I would have told myself that there is no singular path for success: it's not a ladder or even linear, but a series of choices we make day in and day out. And as long as I am making decisions that align with my values, I will end up where I want to be with people I want to be with.
What was your dream job as a child?
So many! In order from my earliest memories to current job: marine biologist, forensic scientist, elementary school teacher, lawyer/judge, business consultant for leadership development and employee engagement, college professor.
What would make our community a better place to live?
We live in a wonderful area - full of outdoor adventures, engaged citizens, and family-friendly parks. But no place is perfect and creating a better place to live requires collective effort - each and every one of us contributing to the greater good. So along those lines, I'd love to see active participation and involvement in community events and increased civic engagement.
What would be your top 3 priorities to make our community a better place?
So many to choose from! But here are three that feel salient to me right now:
Enhance educational and job opportunities: As an educator, one priority is to collaborate with schools and educational institutions to improve educational opportunities from elementary through adulthood. We can encourage lifelong learning and support initiatives that address the needs of all students, including those with diverse backgrounds or special requirements. We also need to focus on developing educational, community, and career partnerships that facilitate workforce readiness.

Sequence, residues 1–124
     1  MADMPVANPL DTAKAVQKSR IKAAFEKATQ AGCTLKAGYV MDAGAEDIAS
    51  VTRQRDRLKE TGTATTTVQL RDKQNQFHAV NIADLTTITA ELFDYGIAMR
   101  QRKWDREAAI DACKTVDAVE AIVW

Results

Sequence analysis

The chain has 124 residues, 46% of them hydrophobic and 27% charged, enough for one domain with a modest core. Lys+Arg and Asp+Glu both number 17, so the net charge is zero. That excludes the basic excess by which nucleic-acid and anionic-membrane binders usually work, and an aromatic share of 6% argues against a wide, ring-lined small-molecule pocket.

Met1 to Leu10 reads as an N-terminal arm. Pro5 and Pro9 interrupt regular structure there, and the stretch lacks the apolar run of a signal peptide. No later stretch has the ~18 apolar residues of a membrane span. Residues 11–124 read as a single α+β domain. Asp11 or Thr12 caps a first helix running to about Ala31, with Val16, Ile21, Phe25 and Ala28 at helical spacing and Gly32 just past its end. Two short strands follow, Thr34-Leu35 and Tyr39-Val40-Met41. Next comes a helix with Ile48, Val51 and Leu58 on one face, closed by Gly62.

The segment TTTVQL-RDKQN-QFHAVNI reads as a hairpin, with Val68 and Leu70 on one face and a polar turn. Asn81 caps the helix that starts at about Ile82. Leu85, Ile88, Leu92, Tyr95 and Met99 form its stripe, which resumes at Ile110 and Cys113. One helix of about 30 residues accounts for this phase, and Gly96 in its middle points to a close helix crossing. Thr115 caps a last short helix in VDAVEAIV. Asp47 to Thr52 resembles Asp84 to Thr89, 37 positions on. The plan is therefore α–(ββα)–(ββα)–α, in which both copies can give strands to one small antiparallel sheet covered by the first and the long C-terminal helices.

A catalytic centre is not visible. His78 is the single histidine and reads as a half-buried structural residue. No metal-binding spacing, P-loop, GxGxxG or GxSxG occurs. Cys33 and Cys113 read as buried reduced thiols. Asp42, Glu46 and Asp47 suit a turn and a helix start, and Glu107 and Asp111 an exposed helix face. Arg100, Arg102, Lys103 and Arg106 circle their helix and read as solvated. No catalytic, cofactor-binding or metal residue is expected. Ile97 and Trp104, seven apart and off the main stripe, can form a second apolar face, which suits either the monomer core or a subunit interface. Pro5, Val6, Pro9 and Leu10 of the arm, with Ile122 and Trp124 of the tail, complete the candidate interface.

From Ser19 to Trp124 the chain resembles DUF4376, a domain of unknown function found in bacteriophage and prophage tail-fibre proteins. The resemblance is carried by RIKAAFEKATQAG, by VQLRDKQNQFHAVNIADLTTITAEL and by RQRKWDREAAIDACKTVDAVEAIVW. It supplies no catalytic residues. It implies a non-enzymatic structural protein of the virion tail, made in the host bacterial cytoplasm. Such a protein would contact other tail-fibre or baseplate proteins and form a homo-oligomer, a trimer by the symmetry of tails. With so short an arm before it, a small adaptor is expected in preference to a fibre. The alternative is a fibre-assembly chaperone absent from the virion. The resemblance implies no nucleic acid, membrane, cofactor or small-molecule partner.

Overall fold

Support local businesses: I love many of our local shops and wish there were more! Thus, one priority is to promote initiatives that attract investment and provide training and resources for small business owners. As consumers, we have the power to buy local and support our neighbors.
Foster inclusive neighborhoods: The Tri-Cities has so much to offer and many of our citizens have broad life experiences from which we can all learn and benefit. We should embrace diversity and inclusivity by promoting respect, tolerance, and understanding among residents. We can organize and attend cultural events, celebrations, and educational programs that promote intercultural exchange.
If you had unlimited time, what volunteer work would you be interested in doing?
I have a lot of passion for helping serve as a catalyst for local, nonprofit organizations. With my background in statistics and research methods, I would love to work with organizations to help analyze their data, write grants, or create data-driven solutions to the issues they face.
How do you achieve work-life balance?
I don't know if I do (yet). I have young children and a demanding job. But in general, my strategy for juggling the competing demands is to know which demands are glass (and will break if I drop them) and which are rubber (and will bounce back if I drop them).
Sometimes that means I sacrifice clearing out my email so I can watch a soccer practice and sometimes that means I sacrifice a school pick-up so I can meet an important deadline. Not all responsibilities carry the same weight, so I try to prioritize the ones that matter the most (we eat together as a family and talk about our day, every day) and let go of the smaller things.
It's hard and sometimes I miscalculate, but I think on the whole, I'm getting there.
Do you have family? Pets?
I have a husband and two kids (ages 1 and 6), but no pets! I'm also lucky enough to have a huge, loving family full of siblings, cousins, aunts, uncles, nieces and nephews.
What brought you to the Tri-Cities? Did you grow up here?
I came to Tri-Cities for my job at WSU! I didn't grow up here, but I did grow up in the Pacific Northwest (shout out to Colbert, Washington!)